Polls close in Belarus election amid boycott

Opposition, alleging fraud, advised citizens to avoid voting in bid to deny parliamentary polls claim to legitimacy.

Parliamentary elections in Belarus have ended without the country’s main opposition parties taking part, following calls for a boycott on grounds of irregularities and illegal detentions.

Poll closed at 8pm local time (17:00 GMT) having opened 12 hours earlier.

The news comes as the Central Election Commission declared the parliamentary vote valid with a turnout of at least 65.9 per cent, while independent monitors have suggested a far lower turnout at 30 per cent.

The main opposition parties said official claims that turnout was 65.9 percent even before polls closed were wildly out of step with reality.

“The election commission is unscrupulously lying as these figures are so radically different from those of observers,” Vitaly Rymashevsky, co-chairman of the Belarus Christian Democracy party, told the AFP news agency.

The election must fill 110 seats in the Belarusian parliament, which has long been seen as a rubber-stamp body for President Alexander Lukashenko.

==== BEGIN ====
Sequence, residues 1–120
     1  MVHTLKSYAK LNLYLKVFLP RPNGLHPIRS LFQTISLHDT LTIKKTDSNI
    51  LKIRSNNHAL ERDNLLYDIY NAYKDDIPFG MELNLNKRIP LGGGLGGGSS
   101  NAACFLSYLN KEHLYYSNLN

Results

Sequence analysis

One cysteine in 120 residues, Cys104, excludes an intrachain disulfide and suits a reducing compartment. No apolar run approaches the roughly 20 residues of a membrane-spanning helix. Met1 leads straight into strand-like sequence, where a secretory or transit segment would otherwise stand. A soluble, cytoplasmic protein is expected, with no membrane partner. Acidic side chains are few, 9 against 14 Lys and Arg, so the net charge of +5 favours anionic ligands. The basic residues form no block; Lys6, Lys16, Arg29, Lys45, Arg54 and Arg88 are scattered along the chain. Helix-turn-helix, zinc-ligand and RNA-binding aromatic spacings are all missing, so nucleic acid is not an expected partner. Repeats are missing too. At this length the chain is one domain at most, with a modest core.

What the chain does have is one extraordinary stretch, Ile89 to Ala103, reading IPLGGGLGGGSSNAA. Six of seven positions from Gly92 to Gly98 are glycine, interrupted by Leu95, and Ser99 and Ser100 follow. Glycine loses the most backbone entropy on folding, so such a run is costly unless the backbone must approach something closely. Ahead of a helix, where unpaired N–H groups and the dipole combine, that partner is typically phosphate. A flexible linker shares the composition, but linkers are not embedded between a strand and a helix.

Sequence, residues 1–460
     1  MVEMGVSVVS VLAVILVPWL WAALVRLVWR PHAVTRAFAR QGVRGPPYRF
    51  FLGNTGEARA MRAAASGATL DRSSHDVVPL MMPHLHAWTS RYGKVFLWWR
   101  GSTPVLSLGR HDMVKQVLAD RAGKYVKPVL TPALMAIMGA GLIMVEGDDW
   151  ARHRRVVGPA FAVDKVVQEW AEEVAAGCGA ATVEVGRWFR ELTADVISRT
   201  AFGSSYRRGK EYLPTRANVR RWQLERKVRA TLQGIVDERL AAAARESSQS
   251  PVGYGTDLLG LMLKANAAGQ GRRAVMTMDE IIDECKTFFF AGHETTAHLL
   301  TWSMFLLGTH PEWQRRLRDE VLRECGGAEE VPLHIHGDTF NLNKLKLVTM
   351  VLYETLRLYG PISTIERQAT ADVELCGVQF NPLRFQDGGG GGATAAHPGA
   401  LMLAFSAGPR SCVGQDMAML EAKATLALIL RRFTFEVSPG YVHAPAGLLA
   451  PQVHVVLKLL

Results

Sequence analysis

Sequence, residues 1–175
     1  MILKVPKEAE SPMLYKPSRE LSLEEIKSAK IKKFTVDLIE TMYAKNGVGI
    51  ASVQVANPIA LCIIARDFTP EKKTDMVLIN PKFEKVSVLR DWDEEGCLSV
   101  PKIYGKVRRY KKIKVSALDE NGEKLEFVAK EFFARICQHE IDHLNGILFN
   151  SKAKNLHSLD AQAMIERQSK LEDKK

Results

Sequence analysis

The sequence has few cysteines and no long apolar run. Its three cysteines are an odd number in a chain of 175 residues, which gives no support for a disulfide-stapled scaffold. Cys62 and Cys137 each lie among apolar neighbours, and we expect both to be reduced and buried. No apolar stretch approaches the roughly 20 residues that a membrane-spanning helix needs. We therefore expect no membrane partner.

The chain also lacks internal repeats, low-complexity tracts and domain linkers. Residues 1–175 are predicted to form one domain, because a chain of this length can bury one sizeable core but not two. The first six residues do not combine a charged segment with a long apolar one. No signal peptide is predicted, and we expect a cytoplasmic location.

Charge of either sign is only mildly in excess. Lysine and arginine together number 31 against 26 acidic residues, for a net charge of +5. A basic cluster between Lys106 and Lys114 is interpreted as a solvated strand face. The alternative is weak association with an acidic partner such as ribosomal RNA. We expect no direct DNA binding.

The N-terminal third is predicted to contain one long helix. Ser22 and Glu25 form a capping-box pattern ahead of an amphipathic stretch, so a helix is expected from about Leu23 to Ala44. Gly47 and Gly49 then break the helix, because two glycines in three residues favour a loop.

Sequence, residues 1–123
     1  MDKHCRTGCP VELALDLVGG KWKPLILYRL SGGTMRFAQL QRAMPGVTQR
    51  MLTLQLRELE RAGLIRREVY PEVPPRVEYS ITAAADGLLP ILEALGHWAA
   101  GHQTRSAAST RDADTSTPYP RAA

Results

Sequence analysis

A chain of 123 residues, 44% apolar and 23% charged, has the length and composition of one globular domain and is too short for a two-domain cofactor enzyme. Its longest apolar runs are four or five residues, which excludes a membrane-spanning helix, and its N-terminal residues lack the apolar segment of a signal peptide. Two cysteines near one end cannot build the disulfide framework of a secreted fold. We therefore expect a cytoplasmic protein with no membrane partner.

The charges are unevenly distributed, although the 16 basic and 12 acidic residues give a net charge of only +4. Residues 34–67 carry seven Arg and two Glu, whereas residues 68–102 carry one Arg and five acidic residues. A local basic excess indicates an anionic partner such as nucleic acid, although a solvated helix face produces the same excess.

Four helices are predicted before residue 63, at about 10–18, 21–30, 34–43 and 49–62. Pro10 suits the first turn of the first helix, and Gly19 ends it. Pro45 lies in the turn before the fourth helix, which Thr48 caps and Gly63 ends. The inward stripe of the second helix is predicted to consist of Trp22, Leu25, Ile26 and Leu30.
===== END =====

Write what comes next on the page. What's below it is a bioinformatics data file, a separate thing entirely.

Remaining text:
On Sunday, Lidya Yermoshina, the head of the election commission, said that it results had been finalised for 109 seats, and that it was “doubtful” that the opposition had won any seats.

As the authorities under President Lukashenko have no formal ruling party and the new MPs are listed only by surname and not political affiliation it will take some time to interpret the results.

“The opposition is virtually broken. It has few resources and there is no real programme

– Alexander Klaskovsky,
Independent political analyst

Lukashenko’s landslide win in 2010 caused massive protests, which the authorities supressed with force.

The incumbent president has ruled the former Soviet nation of 10 million people since 1994.

Foreign observers have criticised elections in Belarus as being undemocratic, and the US and EU have both imposed economic and travel sanctions on Lukashenko’s government over its crackdown on opposition groups and the media.

The country’s two main opposition parties have urged people to go fishing and or pick mushrooms, rather than vote in what they see as a sham exercise designed to produced a chamber that would serve to reaffirm the legitimacy of Lukashenko’s rule.

Four days of early voting by students, armed service staff and police in the tightly-controlled country have already produced a 19 per cent turnout, according to official figures, and there was no question of the boycott threatening the overall turnout threshold and the validity of Sunday’s ballot.

‘Low voter enthusiasm’

Al Jazeera’s Jonah Hull, reporting from Minsk, said there was hardly any buzz about the elections on the streets of the capital.

“We spent about an hour just to find a polling station, let alone a voter to talk to. That is because voter enthusiasm is so very, very low,” said Hull.

“Anyone here who expects or hopes for change pretty much knows that in an election like this one, they are most unlikely to get it.”